- Net non-bank private lending (mostly bonds) is likely to hold steady at $136 billion. A decline in net sovereign borrowing is expected to be offset by corporate bond issuance as firms take advantage of investors' continued search for yield. The continued improvement in the profile of emerging market external sovereign debt reflects the steady strengthening of economic fundamentals, increased reliance on domestic issuance, adherence to sound policies and proactive use of liability management. These factors have contributed to a steady improvement in the overall credit rating of emerging market debt, which now stands slightly below BB+.
- Lending from official creditors this year is projected to be positive for the first time in six years. Net official inflows are expected to be slightly above $1 billion in 2007 following net outflows of $64 billion last year.
- Foreign Exchange Reserves. The report noted that 2007 will see the ninth consecutive year of gains in reserve accumulation by emerging market countries - when this trend started in 1999 reserves of the countries in the IIF's survey totaled $57 billion; in 2007 they are forecast to rise by nearly $670 billion. This will bring the stock of international reserves to almost $3.4 trillion, representing about nine months of imports of goods and services for these countries-”an all-time high. The Asia/Pacific region is likely to account for more than 70 percent of the total emerging market reserve accumulation this year. China's reserve accumulation could reach $375 billion in 2007, up from $252 billion last year. Reserve accumulation in emerging Europe is projected to slowdown to $101 billion this year, after hitting a record high $125 billion in 2006 as Russian reserves increase by $80 billion, down from $107 billion last year. Reserve accumulation in Latin America and Africa/Middle East is expected to rise marginally in 2007.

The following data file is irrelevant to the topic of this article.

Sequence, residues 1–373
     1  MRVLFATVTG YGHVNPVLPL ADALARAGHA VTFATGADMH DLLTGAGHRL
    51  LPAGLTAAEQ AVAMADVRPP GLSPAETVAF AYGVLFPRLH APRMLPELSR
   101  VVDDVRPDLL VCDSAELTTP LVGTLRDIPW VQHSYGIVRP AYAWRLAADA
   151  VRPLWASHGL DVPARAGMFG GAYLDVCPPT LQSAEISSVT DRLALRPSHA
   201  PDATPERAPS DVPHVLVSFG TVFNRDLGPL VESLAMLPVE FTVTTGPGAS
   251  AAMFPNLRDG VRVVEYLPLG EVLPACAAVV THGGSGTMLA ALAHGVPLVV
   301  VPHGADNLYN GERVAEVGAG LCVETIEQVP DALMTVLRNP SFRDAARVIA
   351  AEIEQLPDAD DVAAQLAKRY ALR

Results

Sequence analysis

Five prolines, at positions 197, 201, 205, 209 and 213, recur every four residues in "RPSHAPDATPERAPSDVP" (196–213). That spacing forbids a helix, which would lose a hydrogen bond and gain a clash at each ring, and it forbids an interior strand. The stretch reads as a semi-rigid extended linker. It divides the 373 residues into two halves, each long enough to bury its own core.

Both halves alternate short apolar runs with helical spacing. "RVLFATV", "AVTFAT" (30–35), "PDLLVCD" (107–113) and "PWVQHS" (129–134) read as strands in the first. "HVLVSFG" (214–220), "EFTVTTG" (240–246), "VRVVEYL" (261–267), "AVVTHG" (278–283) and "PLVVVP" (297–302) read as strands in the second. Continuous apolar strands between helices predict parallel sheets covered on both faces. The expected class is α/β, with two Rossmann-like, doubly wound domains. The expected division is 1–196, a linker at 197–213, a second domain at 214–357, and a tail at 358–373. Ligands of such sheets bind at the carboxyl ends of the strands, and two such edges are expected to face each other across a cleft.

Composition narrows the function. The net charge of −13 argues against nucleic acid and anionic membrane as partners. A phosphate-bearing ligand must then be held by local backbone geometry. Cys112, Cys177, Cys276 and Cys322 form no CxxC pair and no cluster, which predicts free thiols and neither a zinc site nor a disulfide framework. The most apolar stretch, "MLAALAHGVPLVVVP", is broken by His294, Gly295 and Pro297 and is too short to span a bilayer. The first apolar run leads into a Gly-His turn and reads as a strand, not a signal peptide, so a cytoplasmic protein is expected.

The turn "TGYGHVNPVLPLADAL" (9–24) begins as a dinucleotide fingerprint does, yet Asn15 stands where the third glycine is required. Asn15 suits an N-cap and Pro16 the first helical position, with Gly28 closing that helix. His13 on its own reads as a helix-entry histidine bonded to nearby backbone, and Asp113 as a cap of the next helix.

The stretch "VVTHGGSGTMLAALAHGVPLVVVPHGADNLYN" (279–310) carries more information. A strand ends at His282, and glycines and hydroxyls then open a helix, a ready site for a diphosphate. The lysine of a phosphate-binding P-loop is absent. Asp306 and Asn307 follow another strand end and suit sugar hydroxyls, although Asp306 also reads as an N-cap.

Strengthening the International System
Dr. Ackermann stated at the press conference that, "A paramount issue for the IIF's members with regard to emerging markets is strengthening the architecture that can prevent crises and manage them well should they arise. With today's IIF report noting that net official capital flows to emerging markets are expected to amount to just $1.3 billion this year, compared to $550 billion from the private sector, it is obvious that the private sector has a major role to play on the crisis prevention stage."
He said that leaders of official finance and the private sector have been moving forward to implement the "Principles for Stable Capital Flows and Fair Debt Restructuring in Emerging Markets." Dr. Ackermann stated, "This framework for pragmatic action based upon voluntary market practices was launched in late 2004. Support for the implementation of the Principles is growing. This has been helped by the engagement of a number of major public officials as Trustees, and permit me to just single out ECB President Jean-Claude Trichet, who inspired this initiative originally and who continues to provide leadership. Today, we are seeing more governments recognizing the need to improve their investor relations and data transparency, and more investors who realize that cooperation on preventing crises can help avoid costly restructurings."
Major emerging markets included in the IIF's report on capital flows are the following:
Emily Vogl, Frank Vogl